Snohomish County detectives investigating the presumed murders of a missing Arlington couple searched several properties in Ellensburg on Wednesday, including the home of one of two fugitive brothers.

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Detectives investigating the presumed killings of a missing Arlington couple searched several properties in Ellensburg, including the home of one of two fugitive brothers wanted in connection with the deaths.

Working with Ellensburg police, Snohomish County sheriff’s detectives Wednesday searched the home of the brothers’ parents in the 600 block of East Tacoma Avenue, as well as two storage units and the residence of Tony C. Reed.

Reed, 49, and his brother, John B. Reed, 53, have each been charged with two counts of murder for the presumed slayings of Patrick Shunn, 45, and Monique Patenaude, 46.

The Sheriff’s Office did not indicate what was found during the searches.

“I know they did get evidence, because they’ve logged it in,” sheriff’s spokeswoman Shari Ireton said Thursday. “But I don’t know what it is.”

Investigators had not filed records with the court describing evidence collected in Ellensburg as of the close of business Thursday, a records officer said.

Marsha Bond, who lives about a half-block from the parents’ home, said Thursday that police were at the property for more than eight hours Wednesday.

“We saw vans and unmarked SUVs parked in front, and police going in and out throughout the day,” Bond said.

Meanwhile, a search near Oso for the bodies of Shunn and Patenaude was expected to resume Thursday afternoon or early Friday, Ireton said.

Shunn and Patenaude, who lived next to John Reed in the Oso area, were reported missing April 12.

Two days later, investigators spotted the couple’s vehicles dumped off a remote embankment about 2 miles north of their home. Blood recovered from the vehicles, as well as dried blood and bloody clothing found on John Reed’s former property, and other evidence allegedly tie the brothers to the slayings.

A neighbor allegedly saw the Reed brothers April 12 accessing a gate on a shared driveway to the Oso properties. The Reeds’ father later told investigators his sons showed up at the parents’ Ellensburg home April 13, and both men left town the next day in their parents’ car.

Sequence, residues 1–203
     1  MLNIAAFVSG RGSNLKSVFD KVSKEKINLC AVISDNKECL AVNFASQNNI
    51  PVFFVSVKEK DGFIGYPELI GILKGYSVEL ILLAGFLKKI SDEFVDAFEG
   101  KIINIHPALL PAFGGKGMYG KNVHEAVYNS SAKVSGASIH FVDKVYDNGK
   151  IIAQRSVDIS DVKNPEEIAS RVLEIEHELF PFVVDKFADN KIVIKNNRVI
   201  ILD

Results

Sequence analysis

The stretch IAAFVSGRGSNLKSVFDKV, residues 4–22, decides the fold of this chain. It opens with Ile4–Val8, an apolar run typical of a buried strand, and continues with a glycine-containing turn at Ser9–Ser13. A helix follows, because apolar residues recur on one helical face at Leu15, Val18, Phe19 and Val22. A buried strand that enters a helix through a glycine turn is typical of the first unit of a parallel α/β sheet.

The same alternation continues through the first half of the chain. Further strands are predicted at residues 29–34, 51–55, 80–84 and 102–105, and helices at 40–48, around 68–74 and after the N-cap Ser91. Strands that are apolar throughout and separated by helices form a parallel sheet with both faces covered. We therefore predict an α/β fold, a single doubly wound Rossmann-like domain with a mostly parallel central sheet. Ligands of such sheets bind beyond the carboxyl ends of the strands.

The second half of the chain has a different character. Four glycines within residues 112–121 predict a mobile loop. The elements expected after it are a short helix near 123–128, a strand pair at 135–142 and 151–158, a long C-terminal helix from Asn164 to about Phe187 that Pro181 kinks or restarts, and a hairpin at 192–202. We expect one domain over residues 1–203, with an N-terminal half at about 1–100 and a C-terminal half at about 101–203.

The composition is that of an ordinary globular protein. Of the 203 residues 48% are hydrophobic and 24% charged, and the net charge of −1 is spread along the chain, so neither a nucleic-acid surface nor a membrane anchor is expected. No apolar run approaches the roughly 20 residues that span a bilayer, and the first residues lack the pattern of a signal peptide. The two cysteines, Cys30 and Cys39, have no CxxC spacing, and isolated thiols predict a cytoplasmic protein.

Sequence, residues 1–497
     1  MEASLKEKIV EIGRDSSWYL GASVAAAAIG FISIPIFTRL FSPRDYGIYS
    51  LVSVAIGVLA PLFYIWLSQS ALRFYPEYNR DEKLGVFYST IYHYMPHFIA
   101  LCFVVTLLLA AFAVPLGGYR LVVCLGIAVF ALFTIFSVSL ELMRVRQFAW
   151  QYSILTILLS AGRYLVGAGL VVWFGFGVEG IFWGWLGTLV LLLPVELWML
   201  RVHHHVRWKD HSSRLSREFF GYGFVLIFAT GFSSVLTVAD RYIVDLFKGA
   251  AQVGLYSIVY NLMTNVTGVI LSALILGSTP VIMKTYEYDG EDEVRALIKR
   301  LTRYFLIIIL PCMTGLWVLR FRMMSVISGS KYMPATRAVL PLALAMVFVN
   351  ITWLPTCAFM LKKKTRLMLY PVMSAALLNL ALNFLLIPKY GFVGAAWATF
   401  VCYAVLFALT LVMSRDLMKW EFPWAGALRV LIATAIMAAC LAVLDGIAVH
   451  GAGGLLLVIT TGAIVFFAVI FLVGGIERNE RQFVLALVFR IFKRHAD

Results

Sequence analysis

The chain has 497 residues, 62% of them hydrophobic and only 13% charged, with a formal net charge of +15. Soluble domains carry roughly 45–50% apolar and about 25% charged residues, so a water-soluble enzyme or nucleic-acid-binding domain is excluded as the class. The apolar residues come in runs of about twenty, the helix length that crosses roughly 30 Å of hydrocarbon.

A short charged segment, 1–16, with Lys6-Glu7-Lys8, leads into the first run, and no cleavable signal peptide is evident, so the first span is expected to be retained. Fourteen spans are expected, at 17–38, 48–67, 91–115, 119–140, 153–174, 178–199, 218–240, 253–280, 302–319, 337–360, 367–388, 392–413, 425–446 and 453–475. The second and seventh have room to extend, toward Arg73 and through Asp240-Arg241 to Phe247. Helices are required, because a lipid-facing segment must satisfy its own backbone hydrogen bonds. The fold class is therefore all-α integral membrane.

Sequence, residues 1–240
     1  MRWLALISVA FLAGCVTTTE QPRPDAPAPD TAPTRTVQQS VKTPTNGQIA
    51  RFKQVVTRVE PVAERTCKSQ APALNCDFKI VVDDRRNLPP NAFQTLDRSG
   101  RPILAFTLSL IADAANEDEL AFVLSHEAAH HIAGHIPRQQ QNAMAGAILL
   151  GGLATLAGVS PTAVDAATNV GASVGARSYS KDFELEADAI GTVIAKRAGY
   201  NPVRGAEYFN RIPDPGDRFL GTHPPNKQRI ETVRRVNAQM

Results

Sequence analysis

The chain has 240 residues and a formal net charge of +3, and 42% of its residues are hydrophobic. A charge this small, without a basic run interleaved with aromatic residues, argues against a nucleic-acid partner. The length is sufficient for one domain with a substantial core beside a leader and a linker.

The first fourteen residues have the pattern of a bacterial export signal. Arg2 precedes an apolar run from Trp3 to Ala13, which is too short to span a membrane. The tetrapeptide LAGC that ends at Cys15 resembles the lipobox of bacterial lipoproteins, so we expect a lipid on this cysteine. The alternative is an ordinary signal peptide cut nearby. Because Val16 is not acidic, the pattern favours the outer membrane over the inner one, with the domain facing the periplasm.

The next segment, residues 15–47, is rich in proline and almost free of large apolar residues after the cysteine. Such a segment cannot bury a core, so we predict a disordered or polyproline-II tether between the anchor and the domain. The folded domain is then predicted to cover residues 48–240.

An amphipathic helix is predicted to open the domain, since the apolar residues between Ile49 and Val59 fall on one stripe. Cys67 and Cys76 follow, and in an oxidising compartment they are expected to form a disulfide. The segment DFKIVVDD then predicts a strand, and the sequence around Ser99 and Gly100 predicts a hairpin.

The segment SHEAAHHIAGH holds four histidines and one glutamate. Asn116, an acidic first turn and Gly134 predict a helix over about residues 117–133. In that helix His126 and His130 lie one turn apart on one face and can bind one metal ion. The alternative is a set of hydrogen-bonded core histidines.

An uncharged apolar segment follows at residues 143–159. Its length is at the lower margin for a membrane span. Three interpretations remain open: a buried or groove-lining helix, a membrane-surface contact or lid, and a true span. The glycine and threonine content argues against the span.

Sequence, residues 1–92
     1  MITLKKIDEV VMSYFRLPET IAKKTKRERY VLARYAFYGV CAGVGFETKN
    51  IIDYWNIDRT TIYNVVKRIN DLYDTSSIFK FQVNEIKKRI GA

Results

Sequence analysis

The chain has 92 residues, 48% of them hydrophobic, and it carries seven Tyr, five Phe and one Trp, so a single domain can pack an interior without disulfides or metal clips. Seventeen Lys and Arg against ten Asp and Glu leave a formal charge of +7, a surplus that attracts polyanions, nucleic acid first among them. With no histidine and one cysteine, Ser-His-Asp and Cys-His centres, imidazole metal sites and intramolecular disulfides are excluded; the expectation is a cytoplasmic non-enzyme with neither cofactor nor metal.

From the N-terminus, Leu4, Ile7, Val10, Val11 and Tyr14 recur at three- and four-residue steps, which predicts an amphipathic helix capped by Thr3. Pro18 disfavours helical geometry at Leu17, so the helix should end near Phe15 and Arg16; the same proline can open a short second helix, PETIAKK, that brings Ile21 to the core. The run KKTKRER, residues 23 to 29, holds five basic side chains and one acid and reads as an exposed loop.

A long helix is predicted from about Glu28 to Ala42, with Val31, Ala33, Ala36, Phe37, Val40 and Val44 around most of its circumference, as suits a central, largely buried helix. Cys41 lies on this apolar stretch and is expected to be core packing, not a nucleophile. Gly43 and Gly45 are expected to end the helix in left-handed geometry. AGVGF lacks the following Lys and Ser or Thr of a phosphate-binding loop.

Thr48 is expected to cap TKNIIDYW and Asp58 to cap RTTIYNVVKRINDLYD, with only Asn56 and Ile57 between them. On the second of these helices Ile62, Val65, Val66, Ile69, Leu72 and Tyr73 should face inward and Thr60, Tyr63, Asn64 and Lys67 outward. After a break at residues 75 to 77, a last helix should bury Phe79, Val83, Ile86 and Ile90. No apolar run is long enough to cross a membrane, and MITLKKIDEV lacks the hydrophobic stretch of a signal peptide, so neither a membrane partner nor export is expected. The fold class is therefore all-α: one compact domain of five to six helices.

Charging papers say the brothers drove to Arizona, where two men gave them a different car and $500 cash last weekend. On Monday, a license plate-reading device recorded the Arizona plate of the car about 250 miles away, near the Mexican border, officials have said.

The brothers’ whereabouts remain unknown, but investigators believe they may be trying to flee the country.

Police in Washington and Arizona said Thursday it’s too early to say whether the Reeds’ parents or the two men in Phoenix who allegedly helped the brothers would be prosecuted.

The title to John Reed’s pickup was transferred under his mother’s name April 15, court records say. When investigators came to the parents’ home the next day, John Reed’s father told them he’d recently cleaned his son’s truck, which investigators recovered from the parents’ garage. They allegedly found blood in the truck and a wrapper for a tarp that had been found near the couple’s dumped vehicles.

Each of the Reeds’ parents declined to comment to The Seattle Times this week.

One of the men in Phoenix appears to be a 49-year-old former Arlington resident with an arrest record dating to the 1980s. The man, who now rents a home on West Caron Street near where the parents’ car was left, also declined to comment this week.

Investigators contend the missing couple had an “ongoing and constant” dispute with John Reed and feared him.

In 2013, Shunn called 911 to report Reed had threatened to shoot the couple after they cut brush next to his property. Charging papers also describe Reed as an aggressive neighbor angered by various people after the deadly landslide next to his property in Oso that killed 43 people in 2014.

County officials acknowledged some details in the charging documents describing an event that may have triggered Reed’s anger toward Patenaude weeks before the couple’s disappearance aren’t completely accurate.

The documents say the county condemned Reed’s property after the slide, and that several weeks before her disappearance, Patenaude had complained Reed had been illegally squatting there. The documents also contend Reed was contacted and “trespassed” from his former property, causing him to become “extremely unhappy.”

But Kent Patton, spokesman for the Snohomish County executive, said this week Reed’s property had not been condemned. Rather, he voluntarily sold it to the county for $245,700 under a flood-mitigation program.

Parks officials also hadn’t “trespassed” Reed, Patton said, noting that under terms of the land sale, Reed understood he no longer was authorized to enter the property.

County parks officials who administer the buyout program were preparing a “right of entry” document to allow Reed to return to get his belongings, but they first wanted to fix a damaged road to the property before granting him access, Patton said.

Reed, who was cooperative during the sale, expressed frustration over that delay, Patton said.

The county has since paid the full purchase amount for Reed’s property to a title company, Patton said; he didn’t know whether the title firm had released any money to Reed. The sale closed March 30.

Asked for specific details about the charging papers’ description of Patenaude’s complaint about squatting, Patton emailed: “We won’t be able to provide the information at this time.”

Ireton said Thursday if any inaccuracies exist in the brief description of that event, they weren’t intentional and may not be crucial to the investigation.